The GIANT'S CAUSEWAY HOTEL, being immediately above the Causeway itself, is admirably situated for Tourists having only a short time to spare, and also for those who wish to spend some time in the neighbourhood. The Hotel is commodious, and, in every respect, a First class Establishment.
Mr Coleman added, in small print presumably (!),
Tourists are particularly requested not to engage either Guides or Boatmen till arrival at Giant's Causeway Hotel.
HOTEL CHARGES:-
Sitting-room per day ~ from 2 shillings (/) to 3/-
Bed-room ~ from 1/6 to 2/-
Sitting-room fire per day ~ 6d
Breakfast ~ from 1/6 to 2/-
Hot Lunch ~ 1/6
Cold Lunch ~ 1/3
Dinner ~ from 1/8 to 3/-
Visitors' Servants per day ~ 4/-
HOTEL ARRANGEMENTS:-
VISITORS taken at the under-mentioned charges:-
Board, including Bed-room ~ 35/- each per week
Sitting-room ~ from 12/- to 21/- each per week
Attendance ~ 5/-  each per week
Visitors' Servants ~ 21/- each per week
 
A Two-horse van leaves daily, from The Portrush Hotel for The Giant's Causeway, from 1st June to 1st October, at 9.40am, on arrival of first train from Belfast, returning at 2pm, in time for the afternoon trains. Fare:- Return, 2/-; Single, 1/6.
£2 (40/-) in 1860 was worth about £200 today.

By 1884, the Causeway Hotel and its strategic importance had, not surprisingly, come to the notice of the entrepreneurial Traills of Ballylough House.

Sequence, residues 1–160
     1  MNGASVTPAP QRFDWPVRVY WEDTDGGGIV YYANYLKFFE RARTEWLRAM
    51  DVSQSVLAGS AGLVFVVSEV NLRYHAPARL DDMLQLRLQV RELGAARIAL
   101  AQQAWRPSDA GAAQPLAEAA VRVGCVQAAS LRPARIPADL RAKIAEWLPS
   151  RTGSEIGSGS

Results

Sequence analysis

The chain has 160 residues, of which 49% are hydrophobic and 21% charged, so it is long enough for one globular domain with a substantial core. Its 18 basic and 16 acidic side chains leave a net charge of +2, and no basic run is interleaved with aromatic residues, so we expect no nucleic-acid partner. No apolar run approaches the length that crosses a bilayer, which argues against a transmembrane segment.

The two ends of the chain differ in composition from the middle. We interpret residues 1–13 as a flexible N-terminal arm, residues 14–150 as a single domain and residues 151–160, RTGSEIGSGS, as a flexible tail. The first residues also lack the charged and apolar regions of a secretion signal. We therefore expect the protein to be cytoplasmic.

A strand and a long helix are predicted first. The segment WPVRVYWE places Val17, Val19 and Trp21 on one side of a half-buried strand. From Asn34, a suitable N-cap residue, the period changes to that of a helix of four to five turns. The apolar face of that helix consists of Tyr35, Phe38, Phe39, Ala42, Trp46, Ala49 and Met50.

Sir Francis Workman-Macnaghten, 3rd Baronet, had a meeting with William Atcheson Traill and his brother, Anthony, the result being that the Giant's Causeway Tramway took over the Causeway Hotel.


William Winter was employed to manage it.

This was a mutually beneficial arrangement: Sir Francis acquired a good tenant (with an option to purchase the hotel) to pay off the old debt; whereas the Traills' tramway company got vertical integration in their business.

Their passengers would be directed to their hotel to avail of the conveniences (!) etc.

Advertisements proclaimed that “the Causeway Hotel is now worked in connection with the Tramway."

In 1910, the Kane family purchased the Causeway Hotel; and in 1963 the Hotel was sold to Frank Fleming.

The last private proprietors of the Hotel were the Armstrong family, who sold it to The National Trust in 2001.

If there are any inaccuracies in this article, please let me know.

First published in May, 2014.

Thursday, 24 May 2018

Heritage Apple Trees